JJ Redick is taking the path less interesting

The rising media star is indulging in scorching takes when he’s shown he can be so much more

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JJ Redick must resist the allure of the take-industrial complex.
JJ Redick must resist the allure of the take-industrial complex.
Photo: Getty Images

I never thought I’d say, “You know what, maybe J.J. Redick doesn’t suck,” but he’s surprisingly insightful in his post-playing career gig at ESPN. The former Blue Devil understands how the current iteration of the game is played as well as any analyst for the network and takes a refreshing approach to comparing eras when juxtaposed next to the old heads. He also isn’t afraid to repeatedly insult Boston Celtics legends, which is high comedy.

JJ Reddick couldn't be more wrong about Larry Bird
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JJ Redick couldn’t be more wrong about Larry Bird

Redick, a noted poet, is polished on any medium, whether it’s on First Take, in the booth, or behind a podcast microphone, and he does all three. He’s so good in fact that I don’t want to see him go full take artist. You never go full take artist, because then it becomes more about being loud than being logical.

I know it’s difficult for athletes and even sports media not to be competitive. Figuring out who won, even when it’s not a race, is ingrained in people who are (or cover) winners or losers throughout their careers. And you can see it. One of Redick’s best qualities as a basketball player was his drive. The guy played in the NBA for 15 years, was a lot better than his detractors had hoped, and appears to be equally motivated as a talking head.


Redick using his powers for idiocy

I think what goes on during a taping of First Take is some of the dumbest content imaginable, and Redick is doing himself a disservice by engaging in it at all. He’s been a polarizing figure since college, and whether he’s intending to lean into it, or trying to be the voice of analytics, viewers will feel a way after a few back-and-forths with Stephen A. Smith.


It’s akin to one of your favorite musical acts collaborating with McDonald’s or Maroon 5. I don’t know how I feel about Cardi B getting this big. I understand the money and notoriety are nice, but it’s starting to muddle the focus.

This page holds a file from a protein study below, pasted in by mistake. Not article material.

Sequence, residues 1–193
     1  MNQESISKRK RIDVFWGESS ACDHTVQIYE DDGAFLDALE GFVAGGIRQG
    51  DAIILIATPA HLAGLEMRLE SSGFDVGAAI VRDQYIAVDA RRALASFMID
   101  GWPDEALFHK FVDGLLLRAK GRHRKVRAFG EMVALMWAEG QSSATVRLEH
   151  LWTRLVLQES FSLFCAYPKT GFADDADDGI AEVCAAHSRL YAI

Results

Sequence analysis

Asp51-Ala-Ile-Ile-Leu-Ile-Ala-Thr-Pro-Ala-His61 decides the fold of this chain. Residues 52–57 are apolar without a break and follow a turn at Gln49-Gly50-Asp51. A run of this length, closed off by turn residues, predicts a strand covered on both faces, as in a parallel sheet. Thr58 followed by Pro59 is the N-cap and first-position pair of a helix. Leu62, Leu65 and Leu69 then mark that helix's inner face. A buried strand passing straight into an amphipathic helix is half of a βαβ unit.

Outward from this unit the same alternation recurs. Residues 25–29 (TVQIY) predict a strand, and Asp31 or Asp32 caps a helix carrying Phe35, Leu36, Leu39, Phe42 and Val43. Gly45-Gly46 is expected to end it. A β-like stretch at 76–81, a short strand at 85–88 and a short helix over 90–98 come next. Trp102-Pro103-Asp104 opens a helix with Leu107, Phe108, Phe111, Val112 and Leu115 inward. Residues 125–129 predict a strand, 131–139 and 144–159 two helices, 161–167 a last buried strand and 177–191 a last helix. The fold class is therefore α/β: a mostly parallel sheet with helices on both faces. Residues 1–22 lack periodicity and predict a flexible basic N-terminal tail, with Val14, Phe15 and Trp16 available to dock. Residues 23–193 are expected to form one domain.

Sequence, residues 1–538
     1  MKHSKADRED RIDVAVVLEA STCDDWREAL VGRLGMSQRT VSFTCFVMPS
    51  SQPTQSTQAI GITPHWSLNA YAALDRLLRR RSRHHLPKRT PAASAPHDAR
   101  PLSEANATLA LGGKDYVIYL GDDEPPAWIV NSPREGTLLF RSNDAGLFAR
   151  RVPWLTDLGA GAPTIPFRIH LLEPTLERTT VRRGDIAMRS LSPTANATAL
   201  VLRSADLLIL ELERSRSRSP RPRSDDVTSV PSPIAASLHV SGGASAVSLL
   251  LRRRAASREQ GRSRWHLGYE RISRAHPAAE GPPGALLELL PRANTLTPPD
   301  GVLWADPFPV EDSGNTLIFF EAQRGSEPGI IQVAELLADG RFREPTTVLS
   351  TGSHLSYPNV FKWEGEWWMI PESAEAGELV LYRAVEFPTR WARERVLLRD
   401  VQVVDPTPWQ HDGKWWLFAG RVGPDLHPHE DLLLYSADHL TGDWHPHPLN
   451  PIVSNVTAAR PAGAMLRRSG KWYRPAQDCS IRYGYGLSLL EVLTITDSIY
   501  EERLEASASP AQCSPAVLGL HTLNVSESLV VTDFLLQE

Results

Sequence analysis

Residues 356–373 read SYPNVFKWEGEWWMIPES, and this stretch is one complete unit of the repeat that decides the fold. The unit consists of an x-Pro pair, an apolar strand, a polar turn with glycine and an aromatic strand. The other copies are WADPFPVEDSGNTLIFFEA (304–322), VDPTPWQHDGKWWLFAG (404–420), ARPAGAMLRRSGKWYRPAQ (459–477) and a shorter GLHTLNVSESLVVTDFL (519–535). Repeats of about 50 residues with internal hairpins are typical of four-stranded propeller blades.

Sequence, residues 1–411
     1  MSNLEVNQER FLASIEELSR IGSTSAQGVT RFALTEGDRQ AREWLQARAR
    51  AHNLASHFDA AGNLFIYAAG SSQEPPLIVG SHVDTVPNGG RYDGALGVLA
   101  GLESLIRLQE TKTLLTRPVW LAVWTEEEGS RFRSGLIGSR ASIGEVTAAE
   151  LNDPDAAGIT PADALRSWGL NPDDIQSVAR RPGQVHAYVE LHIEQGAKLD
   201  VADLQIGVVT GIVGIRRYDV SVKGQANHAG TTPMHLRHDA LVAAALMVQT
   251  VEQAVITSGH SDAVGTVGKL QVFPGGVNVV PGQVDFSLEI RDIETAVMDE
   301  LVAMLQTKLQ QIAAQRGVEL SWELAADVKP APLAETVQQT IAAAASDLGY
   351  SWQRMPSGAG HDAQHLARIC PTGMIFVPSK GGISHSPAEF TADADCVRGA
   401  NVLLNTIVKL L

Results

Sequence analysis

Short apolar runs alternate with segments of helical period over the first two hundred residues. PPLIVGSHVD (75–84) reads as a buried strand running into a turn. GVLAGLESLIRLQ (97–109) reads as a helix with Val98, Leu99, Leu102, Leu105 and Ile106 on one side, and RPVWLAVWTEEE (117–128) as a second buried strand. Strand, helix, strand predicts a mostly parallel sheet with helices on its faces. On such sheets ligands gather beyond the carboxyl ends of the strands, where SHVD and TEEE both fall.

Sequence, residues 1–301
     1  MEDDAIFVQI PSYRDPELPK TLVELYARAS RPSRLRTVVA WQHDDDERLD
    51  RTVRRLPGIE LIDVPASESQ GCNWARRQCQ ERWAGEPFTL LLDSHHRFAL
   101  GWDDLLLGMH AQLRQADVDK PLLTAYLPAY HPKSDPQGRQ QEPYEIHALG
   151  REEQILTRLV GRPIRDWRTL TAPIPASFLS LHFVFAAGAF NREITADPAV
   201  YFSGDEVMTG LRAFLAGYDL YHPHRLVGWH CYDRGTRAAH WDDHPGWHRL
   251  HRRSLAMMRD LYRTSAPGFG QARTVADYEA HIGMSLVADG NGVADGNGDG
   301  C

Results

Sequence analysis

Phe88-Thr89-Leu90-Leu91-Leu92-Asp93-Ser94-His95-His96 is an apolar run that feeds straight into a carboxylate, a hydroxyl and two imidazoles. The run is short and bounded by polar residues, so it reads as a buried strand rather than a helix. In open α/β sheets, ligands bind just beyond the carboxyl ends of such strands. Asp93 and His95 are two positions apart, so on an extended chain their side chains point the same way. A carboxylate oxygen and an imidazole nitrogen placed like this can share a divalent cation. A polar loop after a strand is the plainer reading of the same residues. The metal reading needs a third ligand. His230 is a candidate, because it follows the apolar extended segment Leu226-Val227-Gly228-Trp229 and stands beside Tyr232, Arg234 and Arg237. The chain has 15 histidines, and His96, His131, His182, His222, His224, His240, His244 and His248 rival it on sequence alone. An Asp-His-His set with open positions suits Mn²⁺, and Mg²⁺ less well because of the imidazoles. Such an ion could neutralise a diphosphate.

Is Redick the thoughtful former player that gave Ben Simmons the safe space to give his (albeit delusional) side of how things went in Philly, or is he a shrewd media personality that knew Simmons would be a huge draw and agreed to ask only softball questions? The answer is likely a bit of both. Be that as it may, it’s fair to wonder how much of the motivation is journalistic, and how much is capitalistic.

Redick risks his integrity the more he’s with stupid

There’s a gray area that Redick could occupy as a sane analyst who hops on First Take occasionally to disparage Bob Cousy, but mostly is a presence on the side of sports media that doesn’t equate octaves to ratings. A lot of his arguments are fact-based, and analytics fans are always seeking validation. Having a former player/current media member on their side also could serve as a bridge to the longtime retirees who still think numbers nerds live in their mom’s basement.


This current Icarus act jeopardizes that and will eventually engulf him in flames — and dapping up Mad Dog after an anti-North Carolina rant is exactly the kind of spark that will ignite it.

I’d never rip Redick for shitting on UNC. He went to Duke. This is how it works. My issue was being an accessory to Chris Russo’s performance art, which is precisely what ESPN is looking for. Pick a side and defend LeBron James like he’s family. If a strong word from the rant can ALL-CAPS’D for the promotional tweet, even better.


There are actual progressive conversations about sports to be had, and J.J. is great at those. The morning block of ESPN is not that.

Redick may view his burgeoning success as an indication of his talent, but it’s looking more and more like what he’s doing with those skills is wasting them.